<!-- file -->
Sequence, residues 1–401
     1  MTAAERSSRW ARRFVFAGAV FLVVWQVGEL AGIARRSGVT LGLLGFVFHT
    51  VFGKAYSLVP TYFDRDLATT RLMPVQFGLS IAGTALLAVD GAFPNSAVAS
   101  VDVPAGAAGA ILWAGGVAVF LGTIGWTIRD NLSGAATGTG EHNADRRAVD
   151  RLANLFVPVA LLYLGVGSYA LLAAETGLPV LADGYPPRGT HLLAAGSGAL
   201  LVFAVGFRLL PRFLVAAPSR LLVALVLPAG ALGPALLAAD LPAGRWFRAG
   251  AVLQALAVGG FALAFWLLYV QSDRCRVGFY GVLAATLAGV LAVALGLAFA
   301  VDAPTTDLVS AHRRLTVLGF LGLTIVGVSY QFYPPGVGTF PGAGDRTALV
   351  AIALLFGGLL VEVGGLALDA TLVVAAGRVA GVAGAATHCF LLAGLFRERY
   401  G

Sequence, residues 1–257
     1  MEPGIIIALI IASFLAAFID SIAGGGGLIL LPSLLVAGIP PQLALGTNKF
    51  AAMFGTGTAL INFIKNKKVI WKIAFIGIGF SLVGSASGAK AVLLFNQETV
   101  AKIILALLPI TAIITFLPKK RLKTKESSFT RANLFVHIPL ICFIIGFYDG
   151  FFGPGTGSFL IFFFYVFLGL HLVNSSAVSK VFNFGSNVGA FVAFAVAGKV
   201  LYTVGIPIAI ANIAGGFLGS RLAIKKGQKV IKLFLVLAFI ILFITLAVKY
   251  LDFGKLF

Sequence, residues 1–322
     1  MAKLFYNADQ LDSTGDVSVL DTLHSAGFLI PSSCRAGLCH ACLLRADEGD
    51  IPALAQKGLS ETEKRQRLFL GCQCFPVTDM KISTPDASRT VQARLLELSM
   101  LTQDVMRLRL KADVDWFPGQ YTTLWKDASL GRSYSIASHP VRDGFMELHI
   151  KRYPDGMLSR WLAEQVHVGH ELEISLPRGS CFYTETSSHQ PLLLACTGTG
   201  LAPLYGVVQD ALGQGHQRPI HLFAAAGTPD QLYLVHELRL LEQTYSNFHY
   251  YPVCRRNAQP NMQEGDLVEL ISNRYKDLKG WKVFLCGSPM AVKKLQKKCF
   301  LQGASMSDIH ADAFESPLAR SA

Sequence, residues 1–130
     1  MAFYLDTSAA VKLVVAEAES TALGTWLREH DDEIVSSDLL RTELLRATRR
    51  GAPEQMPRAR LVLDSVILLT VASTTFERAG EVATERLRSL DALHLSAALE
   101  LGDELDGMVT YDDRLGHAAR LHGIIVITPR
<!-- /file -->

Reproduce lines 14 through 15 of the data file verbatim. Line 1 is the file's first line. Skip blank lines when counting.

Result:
   101  AKIILALLPI TAIITFLPKK RLKTKESSFT RANLFVHIPL ICFIIGFYDG
   151  FFGPGTGSFL IFFFYVFLGL HLVNSSAVSK VFNFGSNVGA FVAFAVAGKV